If I am honest, my first reaction to this article was to chalk the entire presentation up to white people shenanigans. If you want to know if your city has an art scene, look to its oppressed. Art is one of the primary expressions of a people, particularly people who otherwise lack access and means to participate in the benefits of a larger society. That’s how you got gospel, the blues, jazz, and hip hop: people who weren’t allowed to do certain things or go certain places but had something to express had to do so where they were. That’s as true today and in Columbus as it is anywhere else, and anyone who is remotely aware of just what black artists alone have been doing in this city for the last thirty to forty years would confirm it. You may not like the art, or you may think it isn’t very good, but you cannot deny that it exists. It is no coincidence that some of the best examples of the art that this city has to provide comes out of people from those communities. That didn’t happen in a vacuum, and most of them didn’t finish or even go to college to learn their craft. In those quarters we are a city brimming with a powerful catalog of autodidacts. There are numerous, if not yet flourishing art scenes in just that neck of the art woods here. If you didn’t know that and you were just looking for an answer to the question of art scenes in Columbus, you can stop reading now because I just answered the thesis for you with math (and a socio-political chaser).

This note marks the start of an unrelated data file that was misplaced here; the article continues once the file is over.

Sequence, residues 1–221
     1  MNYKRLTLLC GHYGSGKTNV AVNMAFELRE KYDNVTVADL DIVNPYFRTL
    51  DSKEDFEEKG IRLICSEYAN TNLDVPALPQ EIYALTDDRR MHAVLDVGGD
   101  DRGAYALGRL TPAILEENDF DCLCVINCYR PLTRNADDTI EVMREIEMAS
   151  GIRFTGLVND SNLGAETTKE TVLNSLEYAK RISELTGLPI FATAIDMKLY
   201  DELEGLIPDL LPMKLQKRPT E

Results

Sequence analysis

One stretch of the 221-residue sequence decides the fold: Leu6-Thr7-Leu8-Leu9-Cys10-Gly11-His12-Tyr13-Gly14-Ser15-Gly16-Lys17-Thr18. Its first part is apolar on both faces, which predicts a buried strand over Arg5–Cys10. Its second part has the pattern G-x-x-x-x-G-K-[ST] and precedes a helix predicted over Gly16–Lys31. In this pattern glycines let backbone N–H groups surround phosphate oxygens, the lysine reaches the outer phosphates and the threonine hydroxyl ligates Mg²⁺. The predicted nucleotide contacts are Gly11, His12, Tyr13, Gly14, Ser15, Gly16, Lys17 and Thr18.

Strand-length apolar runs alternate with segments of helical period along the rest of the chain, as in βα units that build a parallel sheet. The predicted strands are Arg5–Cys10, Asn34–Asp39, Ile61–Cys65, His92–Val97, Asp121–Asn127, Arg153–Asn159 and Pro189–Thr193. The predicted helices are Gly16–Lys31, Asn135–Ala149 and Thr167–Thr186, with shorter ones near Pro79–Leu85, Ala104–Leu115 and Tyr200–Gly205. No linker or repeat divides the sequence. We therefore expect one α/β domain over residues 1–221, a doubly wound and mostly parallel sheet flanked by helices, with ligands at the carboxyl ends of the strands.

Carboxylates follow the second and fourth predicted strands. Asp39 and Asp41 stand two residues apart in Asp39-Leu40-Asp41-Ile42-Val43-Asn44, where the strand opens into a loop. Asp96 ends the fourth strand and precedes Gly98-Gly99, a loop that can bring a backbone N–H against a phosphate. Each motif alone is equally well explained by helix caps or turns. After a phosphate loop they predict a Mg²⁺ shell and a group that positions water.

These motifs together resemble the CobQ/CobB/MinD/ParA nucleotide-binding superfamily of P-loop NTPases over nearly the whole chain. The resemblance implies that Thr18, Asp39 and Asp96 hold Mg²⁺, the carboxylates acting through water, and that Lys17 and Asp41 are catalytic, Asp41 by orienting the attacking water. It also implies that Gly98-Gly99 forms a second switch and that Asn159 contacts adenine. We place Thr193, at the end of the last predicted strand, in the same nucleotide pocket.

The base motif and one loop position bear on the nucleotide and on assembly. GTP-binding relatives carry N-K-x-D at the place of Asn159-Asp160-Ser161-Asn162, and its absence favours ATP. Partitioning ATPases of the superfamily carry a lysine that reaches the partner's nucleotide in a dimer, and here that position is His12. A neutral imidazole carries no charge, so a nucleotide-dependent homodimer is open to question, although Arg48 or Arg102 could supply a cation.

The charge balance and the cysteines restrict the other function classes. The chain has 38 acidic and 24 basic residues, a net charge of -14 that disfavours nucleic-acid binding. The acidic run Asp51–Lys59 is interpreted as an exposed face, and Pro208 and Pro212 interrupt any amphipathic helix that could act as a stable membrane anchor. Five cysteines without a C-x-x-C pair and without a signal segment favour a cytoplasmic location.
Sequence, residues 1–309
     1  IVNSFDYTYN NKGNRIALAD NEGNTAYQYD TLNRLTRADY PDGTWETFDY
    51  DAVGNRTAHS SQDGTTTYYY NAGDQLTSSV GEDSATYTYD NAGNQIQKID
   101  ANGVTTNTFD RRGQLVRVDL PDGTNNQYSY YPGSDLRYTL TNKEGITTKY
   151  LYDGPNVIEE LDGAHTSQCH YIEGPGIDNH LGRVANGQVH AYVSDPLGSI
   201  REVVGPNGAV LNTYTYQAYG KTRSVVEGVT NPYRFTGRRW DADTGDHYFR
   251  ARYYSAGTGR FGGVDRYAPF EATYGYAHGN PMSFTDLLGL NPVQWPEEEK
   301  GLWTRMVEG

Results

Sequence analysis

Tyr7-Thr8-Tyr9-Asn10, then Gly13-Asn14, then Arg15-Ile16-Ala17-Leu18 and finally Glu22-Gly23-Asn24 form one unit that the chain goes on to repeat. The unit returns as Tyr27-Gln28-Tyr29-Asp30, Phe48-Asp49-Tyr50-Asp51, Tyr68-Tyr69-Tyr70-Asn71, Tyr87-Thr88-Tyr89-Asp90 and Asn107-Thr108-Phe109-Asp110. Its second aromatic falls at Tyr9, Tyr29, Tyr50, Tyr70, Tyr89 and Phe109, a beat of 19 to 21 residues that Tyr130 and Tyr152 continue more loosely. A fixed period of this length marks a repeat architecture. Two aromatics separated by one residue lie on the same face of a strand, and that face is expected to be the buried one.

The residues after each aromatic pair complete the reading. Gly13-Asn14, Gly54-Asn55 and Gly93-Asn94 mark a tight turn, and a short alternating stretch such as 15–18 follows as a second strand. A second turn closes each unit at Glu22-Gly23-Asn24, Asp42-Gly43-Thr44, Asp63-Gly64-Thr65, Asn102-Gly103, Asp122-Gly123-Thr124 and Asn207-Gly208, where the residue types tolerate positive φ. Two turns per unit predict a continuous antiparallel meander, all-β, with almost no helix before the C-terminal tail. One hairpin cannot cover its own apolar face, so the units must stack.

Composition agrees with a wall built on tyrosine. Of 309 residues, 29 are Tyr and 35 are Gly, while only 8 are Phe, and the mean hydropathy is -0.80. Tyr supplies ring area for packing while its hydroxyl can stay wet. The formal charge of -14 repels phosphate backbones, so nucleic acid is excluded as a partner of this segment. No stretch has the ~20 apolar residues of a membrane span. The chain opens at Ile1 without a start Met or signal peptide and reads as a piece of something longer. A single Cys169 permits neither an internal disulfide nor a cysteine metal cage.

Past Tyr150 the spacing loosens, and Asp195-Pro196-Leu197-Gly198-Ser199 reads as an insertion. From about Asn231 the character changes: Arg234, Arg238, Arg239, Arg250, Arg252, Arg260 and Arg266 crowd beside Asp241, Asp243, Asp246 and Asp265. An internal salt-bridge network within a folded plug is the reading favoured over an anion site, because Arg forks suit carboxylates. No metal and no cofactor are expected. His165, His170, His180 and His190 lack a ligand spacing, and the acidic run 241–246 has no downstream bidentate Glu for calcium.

There are better questions about art scenes that we should be interrogating: Can an art scene exist and not be good? Is it valid if no one can live off of what it produces? How do we define success in art? Is the scene launching new movements or ideas? Does it have key or known institutions? Are dope shows enough? Who gets to decide if art scenes are working? What responsibility do institutions have in the generation and maintenance of art, and how are they faring from the perspective of artists? How might a Columbus art scene differ from a coastal art scene, and why? How do we navigate legacy? How many art scenes does Columbus have, anyway?

But let’s all agree to stop acting as if there aren’t art scenes here. To answer the last question in the previous paragraph, Columbus has dozens of art scenes. The question as evidenced by the aforementioned article is banal, and any answer that pretends that it is a valid inquiry in 2017 is irresponsible. This is the kind of question I expect from marketers or developers looking to sell the city to gentrifiers. It should not be the question that people are asking while standing at an art exhibit, looking at actual art likely submitted by more than one local or regional artists, that probably isn’t at the Columbus Museum of Art, in a city that has a dozen concurrent art shows in any given month. It isn’t up for debate in a city that has poetry five nights a week, a couple dozen community festivals at which art is a primary draw, and artists who receive national acclaim across disciplines. It is a ridiculous question in a city that has so much local art that none of its press can even begin to capture it in its full breadth. What Columbus offers artistically isn’t a scene question; it’s a culture/community/education/resource question.

But that’s a whole ‘nother discussion.

– – –

* = This information will be Columbus-centric but obviously will apply to almost any place where more than 50 people live.

Photo by Ruth Tonachel, from Roadside America.